I loved Summer at the Comfort Food Cafe where Laura not only found peace and solace but her soul mate, which led me on to read Christmas at the Comfort Food Cafe with Laura’s sister Becca finding her HEA. I couldn’t wait to start reading Coming Home to the Comfort Food Cafe … these characters feel like family now! And I wasn’t disappointed.
Format: Kindle Edition
File Size: 956.0 KB
Print Length: 400 pages
Publisher: HarperImpulse (8 Oct. 2017)
Moving to the little village of Budbury, Zoe hopes the crisp Dorset sea breeze and gentle pace of life will be a fresh start for her and her goddaughter, Martha.
Luckily for them both, the friendly community at the café provide listening ears, sage advice, shoulders to cry on, and some truly excellent carrot cake. And when Martha’s enigmatic, absent father suddenly turns up, confusing not only Martha but Zoe too, the love and support of their new-found friends is the best present they could ask for.
Have Zoe and Martha truly found their home at the Comfort Food Café?
‘Summer at’ and ‘Coming Home to’ both begin with a letter and although for very different purposes, both have similar content in that they draw you in immediately as well as letting you know exactly where the main characters are in their lives. I still think this is a fabulous way to start!
16yo Martha is off the rails, hitting out at a world that has changed beyond recognition. Zoe has to put her own grief on hold while she puts Martha first. In need of a change of environment and remembering the happiness of a Dorset seaside holiday three years earlier, she makes the decision to take them both off for a sabbatical. And so they move from Bristol to Budbury.
Arriving in September where the season is changing and there are no reminders, they’re greeted by a mad scene on the green. The ‘old’ crowd – Cherie, Frank, Laura, Matt, Lizzie, Josh, Nate, Becca, Sam, Willow and Edie are up to their crazy stunts and it really did feel as if I had come back home! Laura still has the green streak in her hair and it’s obvious the decision that Becca made J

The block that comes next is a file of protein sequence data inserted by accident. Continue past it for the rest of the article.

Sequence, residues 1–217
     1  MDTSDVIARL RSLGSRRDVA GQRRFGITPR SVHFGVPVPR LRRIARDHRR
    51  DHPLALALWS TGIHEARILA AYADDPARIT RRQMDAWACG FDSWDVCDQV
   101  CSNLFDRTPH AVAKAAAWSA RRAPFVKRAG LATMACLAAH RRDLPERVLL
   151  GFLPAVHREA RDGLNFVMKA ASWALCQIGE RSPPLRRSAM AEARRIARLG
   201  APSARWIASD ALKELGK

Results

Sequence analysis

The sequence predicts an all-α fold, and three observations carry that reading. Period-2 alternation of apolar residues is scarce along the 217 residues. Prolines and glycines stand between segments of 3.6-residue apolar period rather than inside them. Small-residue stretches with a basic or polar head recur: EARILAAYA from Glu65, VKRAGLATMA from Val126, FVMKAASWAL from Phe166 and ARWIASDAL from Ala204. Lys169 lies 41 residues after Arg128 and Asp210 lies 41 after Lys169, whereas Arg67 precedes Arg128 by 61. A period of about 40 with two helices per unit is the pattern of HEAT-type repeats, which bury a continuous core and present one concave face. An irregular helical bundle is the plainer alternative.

Through the autumn/start of winter, Budbury and the Comfort Food Café works its magic. There’s plenty of action with more than one unexpected arrival … and a visit highlights how this community rally round and protect their own.
Zoe is such a fabulous character. Tough on the outside from having to protect herself from a neglected childhood but on the inside just wanting to be accepted and loved. She is astute too, using her own experiences to understand what Martha might be feeling and gauging when to push and when to pull back. The scene in ‘The Dump’ had me so emotional I had to have a break before I continued reading.
Such an emotional read for me with a balanced mix of sadness and humour. Tears of laughter as well as the sadness! I tried to read slowly because I just didn’t want it to end. The ending? More tears! Just perfect.
Coming Home to the Comfort Food Café is a story about surviving loss and how it’s possible to move on while still carrying that love in our hearts. It’s about the emotional connections we have with the people we meet (not just intimate relationships) and how communities work together to bring about change. It’s a keeper!
I think it’s fair to say I’ve become a fan of Debbie Johnson’s writing. With outstanding characters, very visual writing (for me!) and plots that tie you up in emotional knots, if you haven’t read any of this author’s books then you’re missing out.
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